The battle first started a week ago when government troops seized the top of Jogi mountain in the Kurram tribal area from militants, sparking clashes that killed six soldiers and 20 insurgents, said Wajid Khan, a local government administrator.
The militants retaliated Tuesday by attacking the soldiers who were trying to hold the location, touching off another round of fighting that killed 10 troops and more than 30 insurgents, said Mr. Khan. The area is home to militants loyal to PakistaniTaliban commander Hakimullah Mehsud.
The military launched an offensive in Kurram in July 2011 and declared victory about a month later, but violence has continued.
A similar process has taken place throughout Pakistan’s semiautonomous tribal region along the Afghan border. The military has launched a series of operations against the PakistaniTaliban in the past few years and often has declared victory, only to see fighting flare up again.
The PakistaniTaliban have killed thousands of people throughout the country in suicide bombings and other attacks. The group aims to topple the Pakistani government, partly because of its alliance with the United States.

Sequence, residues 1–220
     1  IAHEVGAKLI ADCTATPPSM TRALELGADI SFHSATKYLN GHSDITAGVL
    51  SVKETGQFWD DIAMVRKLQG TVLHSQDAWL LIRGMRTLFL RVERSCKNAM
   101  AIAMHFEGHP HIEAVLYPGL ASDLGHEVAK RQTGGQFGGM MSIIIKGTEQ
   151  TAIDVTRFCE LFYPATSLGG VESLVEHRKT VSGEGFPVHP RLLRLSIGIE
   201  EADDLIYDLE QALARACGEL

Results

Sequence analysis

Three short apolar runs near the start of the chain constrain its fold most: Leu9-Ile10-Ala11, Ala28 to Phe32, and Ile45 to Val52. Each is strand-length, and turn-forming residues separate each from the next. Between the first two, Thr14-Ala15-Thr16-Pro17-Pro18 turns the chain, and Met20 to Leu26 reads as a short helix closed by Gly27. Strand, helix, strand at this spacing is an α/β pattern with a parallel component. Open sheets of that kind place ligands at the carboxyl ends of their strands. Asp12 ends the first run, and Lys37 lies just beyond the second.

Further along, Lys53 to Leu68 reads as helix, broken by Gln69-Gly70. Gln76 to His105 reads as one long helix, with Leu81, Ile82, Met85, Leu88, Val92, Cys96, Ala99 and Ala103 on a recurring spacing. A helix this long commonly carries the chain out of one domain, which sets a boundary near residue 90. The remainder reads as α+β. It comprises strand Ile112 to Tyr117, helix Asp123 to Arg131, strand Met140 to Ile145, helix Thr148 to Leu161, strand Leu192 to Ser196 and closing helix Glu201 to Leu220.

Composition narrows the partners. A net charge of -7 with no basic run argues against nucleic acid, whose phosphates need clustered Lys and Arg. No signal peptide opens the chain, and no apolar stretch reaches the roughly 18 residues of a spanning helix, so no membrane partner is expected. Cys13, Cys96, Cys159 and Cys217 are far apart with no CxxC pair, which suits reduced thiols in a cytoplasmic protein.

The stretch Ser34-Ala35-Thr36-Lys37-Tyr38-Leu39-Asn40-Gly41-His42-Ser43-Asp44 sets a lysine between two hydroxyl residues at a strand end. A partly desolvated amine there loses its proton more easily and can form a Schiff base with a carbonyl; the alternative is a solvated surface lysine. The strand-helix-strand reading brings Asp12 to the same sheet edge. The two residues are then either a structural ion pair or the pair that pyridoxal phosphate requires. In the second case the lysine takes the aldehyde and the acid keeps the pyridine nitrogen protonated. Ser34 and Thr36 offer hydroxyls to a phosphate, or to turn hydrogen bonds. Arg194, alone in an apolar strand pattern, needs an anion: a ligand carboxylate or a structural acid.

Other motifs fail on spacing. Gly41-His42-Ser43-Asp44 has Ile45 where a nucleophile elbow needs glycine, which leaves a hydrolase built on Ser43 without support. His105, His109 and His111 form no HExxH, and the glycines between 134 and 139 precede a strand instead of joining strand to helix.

The militants are allied with the Afghan Taliban, but the latter group has focused its attacks on NATO and Afghan forces inside Afghanistan.
Elsewhere in Pakistan, at least 10 people were gunned down in the past 24 hours in the southern city of Karachi, said Sharfuddin Memon, a security adviser for the government of Sindh province, where Karachi is the capital.
Karachi is Pakistan’s largest city and has a long history of political, ethnic and sectarian violence.
The most recent deaths included two granddaughters of Akbar Bugti, a nationalist leader in southwestern Baluchistan province, who was killed during a military operation in 2006 ordered by former President Pervez Musharraf. His death has helped fuel a violent insurgency in Baluchistan against the government.
Associated Press writer Ashraf Khan contributed to this report from Karachi.
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